Here’s another example from about the same time, the Ising model. Here’s one chain from the Gibbs sampler. After 2000 iterations, it looks like it’s settled down to convergence (here we’re plotting the log probability density, which is a commonly used summary for this sort of distribution).

But then look at the second plot: the first 500 iterations. If we’d only seen these, we might have been tempted to declare victory too early!

At this point, the naive take-home point might be that 500 iterations was not enough but we’re safe with 2000. But no! Even that the last bit of those 2000 looks as stationary and clean as can be, if we start from a different point and run for 2000, we get something different:

This one looks stationary too! But a careful comparison with the graphs above (even clearer when I displayed these on transparency sheets and overlaid them on the projector) reveals that the two “stationary” distributions are different. The chains haven’t mixed, the process hasn’t converged. R-hat reveals this right away (without even having to look at the graphs, but you can look at the graphs if you want).

As I wrote in our article in Bayesian Statistics 4,

This example shows that the Gibbs sampler can stay in a small subset of its space for a long time, without any evidence of this problematic behavior being provided by one simulated series of finite length. The simplest way to run into trouble is with a two-chambered space, in which the probability of switching chambers is very low, but the above graphs are especially disturbing because the probability density in the Ising model has a unimodal (in the sense that this means anything in a discrete distribution) and approximately Gaussian marginal distribution on the gross scale of interest. That is, the example is not pathological; the Gibbs sampler is just very slow. Rather than being a worst-case example, the Ising model is typical of the probability distributions for which iterative simulation methods were designed, and may be typical of many posterior distributions to which the Gibbs sampler is being applied.

So that was my perspective: start from one point and the chain looks fine; start from two points and you see the problem. But Charlie had a different attitude toward the Ising example. His take on it was: the Ising model is known to be difficult, no one but a fool would try to simulate it with 2000 iterations of a Gibbs sampler. There’s a huge literature on the Ising model already!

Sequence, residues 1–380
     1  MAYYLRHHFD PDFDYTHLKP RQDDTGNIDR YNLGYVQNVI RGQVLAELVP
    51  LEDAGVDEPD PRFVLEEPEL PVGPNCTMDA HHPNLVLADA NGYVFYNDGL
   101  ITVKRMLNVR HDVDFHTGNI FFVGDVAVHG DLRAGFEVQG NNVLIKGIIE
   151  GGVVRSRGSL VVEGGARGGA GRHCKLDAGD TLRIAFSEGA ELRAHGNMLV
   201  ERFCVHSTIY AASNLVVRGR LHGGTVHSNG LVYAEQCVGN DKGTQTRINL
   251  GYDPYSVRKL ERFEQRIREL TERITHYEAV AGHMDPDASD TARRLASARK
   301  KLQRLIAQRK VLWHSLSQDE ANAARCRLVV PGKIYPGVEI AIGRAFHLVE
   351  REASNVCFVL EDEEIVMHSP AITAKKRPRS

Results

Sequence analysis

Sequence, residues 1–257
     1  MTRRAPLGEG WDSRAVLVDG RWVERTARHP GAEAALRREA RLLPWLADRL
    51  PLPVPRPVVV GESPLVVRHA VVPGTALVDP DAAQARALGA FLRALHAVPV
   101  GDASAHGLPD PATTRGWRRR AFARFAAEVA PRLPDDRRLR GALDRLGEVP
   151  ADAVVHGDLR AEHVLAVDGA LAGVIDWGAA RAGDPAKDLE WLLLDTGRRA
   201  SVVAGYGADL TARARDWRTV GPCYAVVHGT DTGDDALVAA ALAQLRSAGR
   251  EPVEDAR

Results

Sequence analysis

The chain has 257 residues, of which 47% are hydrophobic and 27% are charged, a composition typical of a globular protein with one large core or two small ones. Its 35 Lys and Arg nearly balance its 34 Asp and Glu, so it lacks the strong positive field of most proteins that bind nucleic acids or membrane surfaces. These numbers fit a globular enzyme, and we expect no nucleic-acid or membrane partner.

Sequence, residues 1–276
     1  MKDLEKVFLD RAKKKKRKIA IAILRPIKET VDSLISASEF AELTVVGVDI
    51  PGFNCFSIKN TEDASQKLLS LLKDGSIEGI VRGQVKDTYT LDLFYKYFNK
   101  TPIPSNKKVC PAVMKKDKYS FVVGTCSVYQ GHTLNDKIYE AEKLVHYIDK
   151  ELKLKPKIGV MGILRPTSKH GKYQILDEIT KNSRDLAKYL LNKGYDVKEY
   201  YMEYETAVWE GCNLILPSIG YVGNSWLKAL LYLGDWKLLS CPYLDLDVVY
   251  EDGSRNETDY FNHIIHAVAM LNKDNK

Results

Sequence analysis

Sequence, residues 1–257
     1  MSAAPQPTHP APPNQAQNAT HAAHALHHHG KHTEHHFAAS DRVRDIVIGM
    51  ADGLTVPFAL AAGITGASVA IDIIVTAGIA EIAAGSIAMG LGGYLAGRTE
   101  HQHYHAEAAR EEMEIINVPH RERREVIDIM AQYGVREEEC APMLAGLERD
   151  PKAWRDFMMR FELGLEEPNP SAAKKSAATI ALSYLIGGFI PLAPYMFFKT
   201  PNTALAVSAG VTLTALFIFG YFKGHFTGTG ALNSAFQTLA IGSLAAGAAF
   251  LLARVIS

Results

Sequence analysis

Charlie was interested in methods for solving large, well-understood problems one at a time. I was interested in methods that would be used for all sorts of problems by statisticians such as myself who, for applied reasons, bite off more in model than we can chew in computation and understanding. For Charlie with the Ising model, multiple sequences missed the point entirely, as he knew already that 2000 iterations of Gibbs wouldn’t do it. For me, though . . . as an applied guy I was just the kind of knucklehead who might apply Gibbs to this sort of problem (in my defense, Geman and Geman made a similar mistake in 1984, I’ve been told), so it was good to have a practical convergence check.

Again, I think that in our discussion and rejoinder, Don and I presented our method well, in the context of our applied purposes. But I think it would’ve worked better as a straight statistics article. Nothing much useful came out of the discussion because none of us cut through to the key difference in the sorts of problems we were working on.

Part 2: A successful discussion

In the years since then, I’ve realized that communication is more than being right (or, should I say, thinking that one is right). Statistical ideas (and, for that matter, mathematical and scientific ideas in general) are sometimes best understood through their limitations. It’s Lakatos’s old “proofs and refutations” story all over again.